In September 2012, I visited the Gallipoli peninsula and the sites of the Gallipoli offensive. It was for me an incredibly moving experience.
My grandfather fought in what, as a British-born Australian, I would call the Dardanelles offensive. He spent his 15th birthday (17th September 1915) there racked with dysentery. He was with the British (or rather Irish) forces. The tours are quite Australian-focused so we didn’t visit the actual beaches where he was. But as I was there on the peninsula 97 years after he was (just one day before his birthday) and could see those beaches, I felt him very close and wondered what a 14-year old farm boy from County Armagh would have made of this hot, dry but beautiful place.
Visiting Anzac Cove (that’s me above) the words of Gitta Sereny about Treblinka came to my mind. She was struck by the ‘terrible smallness’ of that place. And besides its dazzling beauty, that accurately describes Anzac Cove as well.
I’m sure many readers of this blog will be more knowledgeable about the details of the campaign-I’ve still a lot of reading and learning to do. But among the learnings that stand out for me are the role of good intelligence overall, its importance in enabling us to see the world as it is rather than as we would like it to be and the need for a plan that has flexibility about how to meet your objectives when circumstances change.
Besides military campaigns, these are all good lessons for businesses.
I regularly hear in business how people prefer to trust their instincts over intelligence or research. That to a certain extent was what happened in Gallipoli and it affected the outcome of the campaign in many ways.
Churchill saw the world as he wanted it to be. Despite the evidence of the bravery of Turkish troops in the Crimean war, he saw an ailing country wouldn’t have the guts to defend itself. Similarly, he failed to follow advice that I give businesses all the time. I call it the ‘Atticus Finch’ school of business thinking after the hero of Harper Lee’s novel. If you want to understand how people will react and behave, you need to ‘walk a mile in their shoes’. This meant that Churchill and the other military planners failed to think what even an under-resourced opponent might do when faced with the invasion of their land.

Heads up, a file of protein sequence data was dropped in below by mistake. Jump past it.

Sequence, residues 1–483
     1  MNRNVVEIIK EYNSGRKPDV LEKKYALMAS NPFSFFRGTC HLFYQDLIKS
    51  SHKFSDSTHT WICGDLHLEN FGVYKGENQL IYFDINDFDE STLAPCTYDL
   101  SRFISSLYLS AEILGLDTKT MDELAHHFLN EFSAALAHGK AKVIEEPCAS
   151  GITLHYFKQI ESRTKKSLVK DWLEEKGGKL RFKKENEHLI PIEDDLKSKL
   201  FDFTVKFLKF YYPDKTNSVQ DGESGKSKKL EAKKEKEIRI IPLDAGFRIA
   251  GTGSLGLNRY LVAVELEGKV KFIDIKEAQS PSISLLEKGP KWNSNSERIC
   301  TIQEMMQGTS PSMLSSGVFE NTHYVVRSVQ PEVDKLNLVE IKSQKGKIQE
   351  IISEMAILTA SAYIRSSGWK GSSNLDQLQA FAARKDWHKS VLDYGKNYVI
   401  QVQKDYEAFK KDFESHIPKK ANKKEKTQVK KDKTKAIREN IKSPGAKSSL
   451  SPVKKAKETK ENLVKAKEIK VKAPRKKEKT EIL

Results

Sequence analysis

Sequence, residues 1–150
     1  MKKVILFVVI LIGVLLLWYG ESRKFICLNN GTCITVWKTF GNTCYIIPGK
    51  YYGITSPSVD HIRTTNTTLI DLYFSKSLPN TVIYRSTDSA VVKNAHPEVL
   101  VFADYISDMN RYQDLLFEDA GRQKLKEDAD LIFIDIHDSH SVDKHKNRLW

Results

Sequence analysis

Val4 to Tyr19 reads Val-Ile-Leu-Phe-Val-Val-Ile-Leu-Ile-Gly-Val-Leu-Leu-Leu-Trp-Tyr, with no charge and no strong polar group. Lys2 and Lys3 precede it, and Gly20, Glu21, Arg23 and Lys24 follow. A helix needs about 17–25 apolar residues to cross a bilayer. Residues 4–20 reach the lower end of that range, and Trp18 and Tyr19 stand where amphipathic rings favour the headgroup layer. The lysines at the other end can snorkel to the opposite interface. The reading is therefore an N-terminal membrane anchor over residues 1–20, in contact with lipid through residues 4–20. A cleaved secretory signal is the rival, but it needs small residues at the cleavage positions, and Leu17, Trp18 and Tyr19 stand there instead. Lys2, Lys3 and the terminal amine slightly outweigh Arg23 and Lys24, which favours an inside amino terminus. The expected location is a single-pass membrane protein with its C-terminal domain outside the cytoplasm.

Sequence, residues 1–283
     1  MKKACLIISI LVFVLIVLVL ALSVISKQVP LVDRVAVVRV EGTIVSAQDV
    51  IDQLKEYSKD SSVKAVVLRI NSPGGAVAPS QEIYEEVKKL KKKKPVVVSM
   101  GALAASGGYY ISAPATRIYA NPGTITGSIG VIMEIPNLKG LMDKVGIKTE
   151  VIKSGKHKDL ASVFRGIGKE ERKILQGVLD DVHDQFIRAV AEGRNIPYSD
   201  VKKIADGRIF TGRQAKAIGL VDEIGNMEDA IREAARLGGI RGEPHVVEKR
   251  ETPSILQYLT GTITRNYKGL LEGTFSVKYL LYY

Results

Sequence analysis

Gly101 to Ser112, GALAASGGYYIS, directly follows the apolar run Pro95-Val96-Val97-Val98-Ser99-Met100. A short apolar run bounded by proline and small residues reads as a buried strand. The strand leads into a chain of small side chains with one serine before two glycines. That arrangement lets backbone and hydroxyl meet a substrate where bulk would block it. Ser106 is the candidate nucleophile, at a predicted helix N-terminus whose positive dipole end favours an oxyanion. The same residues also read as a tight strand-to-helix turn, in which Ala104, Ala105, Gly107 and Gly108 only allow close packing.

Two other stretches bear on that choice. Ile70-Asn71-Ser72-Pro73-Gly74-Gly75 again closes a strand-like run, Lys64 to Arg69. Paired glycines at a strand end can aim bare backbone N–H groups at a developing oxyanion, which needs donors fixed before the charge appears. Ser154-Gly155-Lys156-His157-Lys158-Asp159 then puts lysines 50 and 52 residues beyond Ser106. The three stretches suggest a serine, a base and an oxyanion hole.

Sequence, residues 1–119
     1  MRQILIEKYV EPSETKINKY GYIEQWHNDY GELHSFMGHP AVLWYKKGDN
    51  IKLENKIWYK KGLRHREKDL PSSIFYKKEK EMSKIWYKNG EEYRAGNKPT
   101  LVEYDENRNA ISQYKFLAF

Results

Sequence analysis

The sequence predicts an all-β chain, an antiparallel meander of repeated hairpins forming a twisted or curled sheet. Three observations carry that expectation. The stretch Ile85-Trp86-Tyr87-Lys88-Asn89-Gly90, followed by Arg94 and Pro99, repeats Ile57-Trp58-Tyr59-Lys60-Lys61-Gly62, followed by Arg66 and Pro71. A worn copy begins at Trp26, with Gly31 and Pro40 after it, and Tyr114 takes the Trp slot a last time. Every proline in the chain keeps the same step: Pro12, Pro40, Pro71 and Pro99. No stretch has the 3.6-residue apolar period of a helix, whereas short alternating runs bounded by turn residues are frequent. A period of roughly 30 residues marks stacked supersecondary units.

The insane bravery of the Turks in doing so thus came as a surprise. Hearing a Turk saying Ataturk’s words to the 57th regiment...
'Men, I am not ordering you to attack. I am ordering you to die. In the time that it takes us to die, other forces and commanders can come and take our place.'
...fills me with such complex emotions. Not the least of these is what it meant to be one of those young men who fought with no hope for themselves. But it was undoubtedly a defining moment of the campaign.
Another fatal flaw was a lack of intelligence about the lay of the land. Today it seems blindingly obvious to anyone that Anzac Cove is a crazy place to land a major body of troops. And whilst that beach might have been a mistake (as some histories claim the tide took them away from their main objective), if that is what happened it also reflects a lack of good intelligence. If you’re attempting a beach landing an understanding of the tides is usually a good thing to have!
Finally, I learnt one thing on that tour about the British campaign that really made me want to weep. The British soldiers actually achieved their initial objective of a high point quite quickly on the first day of their campaign. However, they lost most of their officers on the way and so dropped back to get orders. They never regained that high point and the attempt to do so cost many thousands of lives. To me this demonstrates clearly how important it is to equip everyone in a team with the resources and information to do what is needed in unusual (but surely not unpredictable) circumstances. Too often businesses make this same mistake.
This is not to decry the courage and ingenuity of those young men on the ground – whatever the nation. In war as in business, there are plenty of situations that will draw on those skills even in the best-planned and most informed organisations. But let’s minimise the need for them under most circumstances and save them for when they are unavoidable elements of meeting our goals.
As a researcher and business advisor, that’s what I try to do every day of my business life. I’m not trying to compare the scale of what we do in everyday business to what the Anzacs did, more to say that those extreme circumstances can provide lessons for all of us. I’d like to think my grandfather (who adored me but being a tough old NCO could never show me that) would be proud that I learned something from his terrible experiences.
Enjoy (if that is the right word) your Anzac Day.
Do you want to hear more from us?
Want to be kept up to date with the latest travel and tourism insights? Join Our Mailing List. Every 2 weeks, we send the latest practical insight for you to apply to your business and destination marketing.